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Canada, 1974 (MIFF 1975)

Director: Michel Brault

Michel Brault wrote and directed this film, which is concerned with the abuses experienced in Quebec during the terrorist scare of October 1970. Brault is also responsible for much of the camerawork, together with Francois Protat.

Following the kidnapping of the British commercial attache in Montreal, James Cross, and the Quebec Minister of Labor, Pierre Laporte, the government in Ottawa declared the War Measures Act.

Citizens could be arrested and detained without warrant or explanation for up to sixty days.

Les Ordres is a fictional reconstruction of this period, and centres on the situation of five citizens who are arrested and jailed without ever knowing why. They are Clermont Boudreau, factory worker, occasional taxi driver, union representative; Marie Boudreau, his wife, housewife, mother of three children; Richard Lavoie, thirty-year oid unemployed man who takes care of the two children while his wife works as a waitress; Jean-Marie Beauchemin, physician in charge of a a poor neighbourhood; and Claudette Dusseault, social worker.

In 1970, Brault interviewed fifty of the 450 people arrested in Quebec and he has used their experiences in a composite way as the basis for his investigation. He has chosen to deal with people who had no connection with terrorism, and his film concentrates on the humiliations and mental torture they endure in prison. In particular, he explores the relationship between detainee and jailer. They come from the same social class and neither group understands the orders the jailers are expected to follow.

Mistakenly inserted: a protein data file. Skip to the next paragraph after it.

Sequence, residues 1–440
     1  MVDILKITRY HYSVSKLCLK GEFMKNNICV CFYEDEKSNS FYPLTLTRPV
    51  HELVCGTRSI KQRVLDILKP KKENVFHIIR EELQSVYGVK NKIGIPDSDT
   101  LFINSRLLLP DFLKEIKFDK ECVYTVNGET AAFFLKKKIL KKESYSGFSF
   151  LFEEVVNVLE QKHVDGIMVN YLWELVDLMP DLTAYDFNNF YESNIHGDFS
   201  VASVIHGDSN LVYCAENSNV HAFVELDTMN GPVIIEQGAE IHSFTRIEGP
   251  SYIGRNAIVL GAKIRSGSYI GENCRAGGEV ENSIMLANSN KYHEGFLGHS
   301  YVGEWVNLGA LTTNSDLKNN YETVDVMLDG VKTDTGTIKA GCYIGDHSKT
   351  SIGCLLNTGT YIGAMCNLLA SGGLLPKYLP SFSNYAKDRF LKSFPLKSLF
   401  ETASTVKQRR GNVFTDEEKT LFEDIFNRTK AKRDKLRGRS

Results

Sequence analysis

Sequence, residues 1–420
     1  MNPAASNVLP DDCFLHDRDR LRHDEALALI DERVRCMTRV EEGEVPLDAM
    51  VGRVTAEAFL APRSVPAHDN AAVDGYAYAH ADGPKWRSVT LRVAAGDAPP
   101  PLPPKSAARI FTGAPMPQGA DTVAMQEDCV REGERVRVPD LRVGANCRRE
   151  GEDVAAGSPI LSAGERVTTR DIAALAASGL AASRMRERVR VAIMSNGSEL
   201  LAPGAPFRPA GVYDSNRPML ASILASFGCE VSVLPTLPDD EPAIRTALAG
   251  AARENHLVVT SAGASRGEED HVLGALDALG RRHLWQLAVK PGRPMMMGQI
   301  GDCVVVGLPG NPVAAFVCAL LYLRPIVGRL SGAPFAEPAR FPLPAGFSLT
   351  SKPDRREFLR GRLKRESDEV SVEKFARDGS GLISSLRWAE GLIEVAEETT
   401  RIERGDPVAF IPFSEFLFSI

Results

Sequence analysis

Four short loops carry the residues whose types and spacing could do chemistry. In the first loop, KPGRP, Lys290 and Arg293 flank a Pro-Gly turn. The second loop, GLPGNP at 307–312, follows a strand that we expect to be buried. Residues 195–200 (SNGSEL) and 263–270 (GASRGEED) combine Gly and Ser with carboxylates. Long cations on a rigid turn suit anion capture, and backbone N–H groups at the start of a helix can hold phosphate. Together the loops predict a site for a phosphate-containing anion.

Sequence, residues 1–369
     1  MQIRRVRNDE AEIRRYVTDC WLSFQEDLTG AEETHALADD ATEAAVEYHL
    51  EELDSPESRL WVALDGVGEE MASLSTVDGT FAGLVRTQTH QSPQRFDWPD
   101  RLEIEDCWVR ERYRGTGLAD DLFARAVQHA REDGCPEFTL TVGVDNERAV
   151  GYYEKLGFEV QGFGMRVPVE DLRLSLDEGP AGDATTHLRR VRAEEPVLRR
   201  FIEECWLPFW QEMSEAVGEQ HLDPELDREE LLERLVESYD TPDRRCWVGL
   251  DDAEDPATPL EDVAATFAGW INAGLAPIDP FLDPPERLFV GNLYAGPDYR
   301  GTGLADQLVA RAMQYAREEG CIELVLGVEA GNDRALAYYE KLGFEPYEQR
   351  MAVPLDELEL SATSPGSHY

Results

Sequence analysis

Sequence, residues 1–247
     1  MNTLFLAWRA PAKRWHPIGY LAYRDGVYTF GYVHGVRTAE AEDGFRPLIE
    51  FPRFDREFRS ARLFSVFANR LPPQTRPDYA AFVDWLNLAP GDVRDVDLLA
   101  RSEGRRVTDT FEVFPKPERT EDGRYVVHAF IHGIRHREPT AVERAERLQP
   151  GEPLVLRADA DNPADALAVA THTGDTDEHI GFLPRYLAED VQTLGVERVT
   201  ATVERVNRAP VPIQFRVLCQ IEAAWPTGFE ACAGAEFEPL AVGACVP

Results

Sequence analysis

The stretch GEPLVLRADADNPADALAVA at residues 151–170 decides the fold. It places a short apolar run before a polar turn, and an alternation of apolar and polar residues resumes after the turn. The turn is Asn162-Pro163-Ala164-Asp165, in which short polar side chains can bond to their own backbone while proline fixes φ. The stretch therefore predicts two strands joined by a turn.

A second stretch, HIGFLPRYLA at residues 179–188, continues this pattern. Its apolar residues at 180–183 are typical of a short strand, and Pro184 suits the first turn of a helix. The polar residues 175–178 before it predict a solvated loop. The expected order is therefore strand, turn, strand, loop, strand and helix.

Unlike some other film-makers concerned with terrorism and police violence, Brault has created an intimate drama without sensationalism. He achieves this effect partly by shooting his exterior scenes in black and white, and the interior prison scenes in colour.

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